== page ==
Software apps and online services
Industrial sensors are often very simple: just an analog output signal. Today we make that signal remotely accessible – without writing a single line of code. And with push notifications that allow you to see any anomalies immediately on your smartphone.
- One Raspberry Pi, either the Model 3 or the Zero W, or equivalent Linux board.
- One analog input sensor
- Optional: one Coin Cell board to connect a coin cell battery to the Launchpad
Set up the wireless network with the serial gateway and the Launchpad boards by following the instructions here.
You should now have a wireless IPv6 network up and running with one Launchpad as a serial gateway and one Launchpad ready to be used for the analog sensor.
As the analog input sensor, we use an linear potentiometer with a slider. This device produces an analog input that depends on where the slider is positioned.
This slider has three pins: two pins that power the device (one ground pin and one
pin) and one signal pin. Most analog sensors are similarly constructed. This slider runs on 3.3 V power, but others may require 5 V – make sure to use the correct power for your sensor.
Connect the pins like this:
- Connect the ground pin on the sensor to the
GNDpin on the Launchpad.
- Connect the power pin on the sensor to the
3V3pin on the Launchpad (for a 3.3 V power sensor)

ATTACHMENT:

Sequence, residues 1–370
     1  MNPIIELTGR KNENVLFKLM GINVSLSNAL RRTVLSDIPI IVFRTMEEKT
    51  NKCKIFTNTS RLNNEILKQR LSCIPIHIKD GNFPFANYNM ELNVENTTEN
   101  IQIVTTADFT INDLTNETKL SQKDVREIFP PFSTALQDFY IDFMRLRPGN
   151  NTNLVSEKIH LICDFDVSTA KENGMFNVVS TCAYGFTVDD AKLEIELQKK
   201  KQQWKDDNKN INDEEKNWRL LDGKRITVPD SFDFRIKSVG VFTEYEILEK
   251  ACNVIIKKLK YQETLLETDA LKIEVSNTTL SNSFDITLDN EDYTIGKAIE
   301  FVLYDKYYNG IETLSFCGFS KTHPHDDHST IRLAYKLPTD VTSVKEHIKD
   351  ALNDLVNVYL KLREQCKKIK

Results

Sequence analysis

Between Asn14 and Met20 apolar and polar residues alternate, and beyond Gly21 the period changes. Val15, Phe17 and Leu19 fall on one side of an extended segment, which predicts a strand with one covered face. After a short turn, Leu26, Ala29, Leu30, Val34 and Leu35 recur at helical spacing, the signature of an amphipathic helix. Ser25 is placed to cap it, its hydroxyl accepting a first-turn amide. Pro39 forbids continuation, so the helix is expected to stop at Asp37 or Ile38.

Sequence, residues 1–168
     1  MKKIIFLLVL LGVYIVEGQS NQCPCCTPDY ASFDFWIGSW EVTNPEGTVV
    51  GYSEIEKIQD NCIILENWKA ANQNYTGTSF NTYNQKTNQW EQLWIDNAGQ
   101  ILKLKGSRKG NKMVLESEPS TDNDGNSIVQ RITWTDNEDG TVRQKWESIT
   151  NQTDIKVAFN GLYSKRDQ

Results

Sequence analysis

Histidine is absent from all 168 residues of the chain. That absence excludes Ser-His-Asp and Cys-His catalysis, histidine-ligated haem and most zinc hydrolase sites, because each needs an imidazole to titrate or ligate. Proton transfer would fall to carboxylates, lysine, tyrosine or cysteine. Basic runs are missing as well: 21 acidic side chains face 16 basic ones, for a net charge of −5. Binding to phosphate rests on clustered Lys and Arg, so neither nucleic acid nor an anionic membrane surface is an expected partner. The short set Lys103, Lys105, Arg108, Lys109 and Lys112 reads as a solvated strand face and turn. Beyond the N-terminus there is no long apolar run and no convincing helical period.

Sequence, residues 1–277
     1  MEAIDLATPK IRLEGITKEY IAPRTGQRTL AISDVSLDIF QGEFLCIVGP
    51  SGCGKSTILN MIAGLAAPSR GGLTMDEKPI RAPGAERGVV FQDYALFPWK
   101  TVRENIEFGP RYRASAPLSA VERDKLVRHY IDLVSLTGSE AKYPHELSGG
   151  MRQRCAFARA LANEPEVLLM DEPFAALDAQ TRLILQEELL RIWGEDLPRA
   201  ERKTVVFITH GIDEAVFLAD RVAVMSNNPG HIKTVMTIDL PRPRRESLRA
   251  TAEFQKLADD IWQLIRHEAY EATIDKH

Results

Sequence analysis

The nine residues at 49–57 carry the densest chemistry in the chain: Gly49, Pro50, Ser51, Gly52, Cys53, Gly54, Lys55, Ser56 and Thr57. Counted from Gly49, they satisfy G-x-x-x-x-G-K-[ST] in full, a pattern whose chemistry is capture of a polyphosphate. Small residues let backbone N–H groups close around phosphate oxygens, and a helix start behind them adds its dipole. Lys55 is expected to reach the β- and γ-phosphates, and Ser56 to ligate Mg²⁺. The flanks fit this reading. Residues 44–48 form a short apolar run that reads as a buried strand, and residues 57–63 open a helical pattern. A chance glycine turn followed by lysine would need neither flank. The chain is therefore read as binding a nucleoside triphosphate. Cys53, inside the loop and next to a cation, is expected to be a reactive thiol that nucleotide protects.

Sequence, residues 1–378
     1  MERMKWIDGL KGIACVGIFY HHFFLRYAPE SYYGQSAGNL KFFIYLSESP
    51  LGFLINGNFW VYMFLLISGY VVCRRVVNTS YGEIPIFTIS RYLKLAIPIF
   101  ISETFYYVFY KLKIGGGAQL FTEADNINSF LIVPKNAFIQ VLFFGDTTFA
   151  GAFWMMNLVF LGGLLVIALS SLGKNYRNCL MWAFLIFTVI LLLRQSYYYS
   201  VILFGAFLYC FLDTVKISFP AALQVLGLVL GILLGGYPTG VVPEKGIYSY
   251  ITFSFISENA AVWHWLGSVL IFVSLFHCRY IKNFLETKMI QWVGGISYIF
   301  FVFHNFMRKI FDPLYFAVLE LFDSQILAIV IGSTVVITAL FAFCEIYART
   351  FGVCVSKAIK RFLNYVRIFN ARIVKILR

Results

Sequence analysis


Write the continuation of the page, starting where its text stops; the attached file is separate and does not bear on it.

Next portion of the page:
- Connect the signal pin on the sensor to the
DIO 23pin on the Launchpad
The three pins are located conveniently close to each other on the board. Make sure to not connect the 5V pin to the sensor, if it is not designed for 5 V – this may fry the sensor.
We now have to tell the system that we plugged in an analog input to the Launchpad, and to what pin we connected it.
We open the device settings in the web frontend or the app and tap the
button. Tap the
button and select the
option. Then tap the
button to open the power settings. This lets you change the settings that affect the power consumption of the device, including the data rate.
The default data rate is to report the analog input every 30 minutes. Tap the Sensor Sample Period button and change it to 1 second, and then tap
. The analog sensor will now report its data once every second.
Tap the back button and the analog input gauge should start reporting data from the analog sensor.
For the gauge to auto-update, you need to set up a user account and register the device for remote access.
Now we are ready to set up push notifications. This will cause a notification to be shown on your smartphone when the value of the analog input signal changes.
To configure push notifications, tap the
button. You must have a user account and the device registered for remote access for notifications to be enabled.
Our remote analog input reader is so power efficient that it can run even with a coin cell battery. Depending on the sensor reporting rate, the can live for years on a single coin cell battery.
To set up the device with a coin cell battery, follow the steps in this post, starting at Step 6.